Kristen: Yes. For example, developing gross motor skills has always been a really integral part of what we do in Kindergarten because there is such an asynchronicity between gifted kids’ mental and physical abilities. We have several programs that we use, and we work in conjunction with the P.E. teachers, in order to take them through a series of skills that we want them to master by the end of the school year. Children need to learn to do certain things with their bodies before they can excel academically. One basic example – children need to be able to cross the midline of their bodies in order to be successful in reading. When you read, you start at the left and then you go to the right and then you have to cross back over, so you’re constantly going left to right and then crossing back over. You have to cross the midline of your brain to do that, so children first have to be able to physically cross the midline of their body before they can start reading. Likewise, in math you have to develop what is called an “inner voice” before you can be good at any sort of math problem. That’s why we have a kazoo band in Kindergarten – to strengthen their vestibular system. We will play a simple pattern, and they have to hold on to it in the minds and then play it back on the kazoo. That helps to develop that inner voice, which in turn is absolutely imperative for their future successes in math. We explain to parents that these are important skills in order for the students to be the best that they can be in the academic sense.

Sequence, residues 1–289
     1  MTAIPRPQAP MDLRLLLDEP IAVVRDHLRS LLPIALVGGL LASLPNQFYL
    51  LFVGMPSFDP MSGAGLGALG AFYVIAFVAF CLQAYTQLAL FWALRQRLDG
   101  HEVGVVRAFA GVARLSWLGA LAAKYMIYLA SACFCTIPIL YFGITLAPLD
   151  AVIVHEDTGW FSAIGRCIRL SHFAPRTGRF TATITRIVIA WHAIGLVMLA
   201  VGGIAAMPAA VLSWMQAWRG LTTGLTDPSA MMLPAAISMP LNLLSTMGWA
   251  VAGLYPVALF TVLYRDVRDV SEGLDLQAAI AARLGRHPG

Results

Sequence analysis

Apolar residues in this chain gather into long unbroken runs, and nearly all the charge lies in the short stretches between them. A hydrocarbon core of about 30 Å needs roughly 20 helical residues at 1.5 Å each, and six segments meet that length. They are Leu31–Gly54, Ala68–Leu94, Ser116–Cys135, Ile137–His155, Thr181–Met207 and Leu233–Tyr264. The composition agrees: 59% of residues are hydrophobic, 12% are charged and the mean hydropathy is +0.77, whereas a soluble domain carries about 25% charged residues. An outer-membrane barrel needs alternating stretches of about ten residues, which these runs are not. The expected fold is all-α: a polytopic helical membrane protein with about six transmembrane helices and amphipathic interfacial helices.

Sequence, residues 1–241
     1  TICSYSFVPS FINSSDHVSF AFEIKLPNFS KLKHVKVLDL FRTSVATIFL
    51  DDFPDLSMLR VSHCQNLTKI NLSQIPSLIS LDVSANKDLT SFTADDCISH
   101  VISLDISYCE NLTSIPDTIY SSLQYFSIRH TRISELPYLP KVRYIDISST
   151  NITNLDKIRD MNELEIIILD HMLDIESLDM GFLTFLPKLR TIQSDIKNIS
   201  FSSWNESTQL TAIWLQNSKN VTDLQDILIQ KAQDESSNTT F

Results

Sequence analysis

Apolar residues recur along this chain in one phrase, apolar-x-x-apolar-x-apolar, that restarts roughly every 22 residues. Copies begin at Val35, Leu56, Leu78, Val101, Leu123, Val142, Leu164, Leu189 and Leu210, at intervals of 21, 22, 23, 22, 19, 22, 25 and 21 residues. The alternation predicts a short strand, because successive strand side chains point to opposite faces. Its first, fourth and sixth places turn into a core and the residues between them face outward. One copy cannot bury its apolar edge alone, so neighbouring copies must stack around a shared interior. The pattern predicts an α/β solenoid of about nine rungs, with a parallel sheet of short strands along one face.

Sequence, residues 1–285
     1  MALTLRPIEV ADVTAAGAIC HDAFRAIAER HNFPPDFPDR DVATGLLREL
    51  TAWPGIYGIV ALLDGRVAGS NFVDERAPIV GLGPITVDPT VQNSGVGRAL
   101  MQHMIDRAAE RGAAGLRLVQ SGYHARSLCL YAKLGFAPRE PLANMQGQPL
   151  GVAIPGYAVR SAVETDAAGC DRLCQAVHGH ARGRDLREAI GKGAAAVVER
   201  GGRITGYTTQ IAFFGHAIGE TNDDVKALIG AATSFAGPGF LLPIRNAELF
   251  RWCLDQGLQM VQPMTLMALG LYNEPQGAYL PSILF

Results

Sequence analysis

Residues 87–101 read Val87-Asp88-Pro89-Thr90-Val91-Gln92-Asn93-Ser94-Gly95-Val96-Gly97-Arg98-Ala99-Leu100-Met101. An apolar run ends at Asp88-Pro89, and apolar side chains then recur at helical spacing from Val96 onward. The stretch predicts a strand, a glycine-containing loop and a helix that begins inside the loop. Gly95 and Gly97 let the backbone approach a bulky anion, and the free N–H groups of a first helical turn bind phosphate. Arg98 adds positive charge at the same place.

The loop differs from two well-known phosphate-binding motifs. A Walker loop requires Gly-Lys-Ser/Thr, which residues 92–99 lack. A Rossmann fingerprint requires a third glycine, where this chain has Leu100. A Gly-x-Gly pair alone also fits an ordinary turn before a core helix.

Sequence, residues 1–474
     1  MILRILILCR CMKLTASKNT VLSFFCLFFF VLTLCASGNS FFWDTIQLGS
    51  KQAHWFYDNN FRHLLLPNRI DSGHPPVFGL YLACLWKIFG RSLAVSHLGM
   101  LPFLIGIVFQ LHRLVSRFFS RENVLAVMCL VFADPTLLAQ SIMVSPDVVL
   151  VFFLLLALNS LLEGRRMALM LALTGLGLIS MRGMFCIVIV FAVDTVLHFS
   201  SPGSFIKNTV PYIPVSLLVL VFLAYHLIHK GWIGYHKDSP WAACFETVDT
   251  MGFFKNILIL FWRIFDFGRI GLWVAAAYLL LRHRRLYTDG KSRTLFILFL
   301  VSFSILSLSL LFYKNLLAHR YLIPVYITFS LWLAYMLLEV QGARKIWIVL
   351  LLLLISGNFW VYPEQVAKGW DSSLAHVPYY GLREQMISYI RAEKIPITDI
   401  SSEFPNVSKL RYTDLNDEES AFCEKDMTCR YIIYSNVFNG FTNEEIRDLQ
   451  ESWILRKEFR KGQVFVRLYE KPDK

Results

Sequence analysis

Barnali: You do a great job of communicating that to parents, that it’s not just about academics. I think people might come in the door thinking that’s all it is. I remember when we first started, I felt a lot of pressure to have my daughter in after-school activities every day because that seems to be what everyone does now. And you told me, it’s okay if she just goes home and plays and makes dinner with you. I think that’s something you might not hear in other places because there is so much pressure to achieve and get ahead.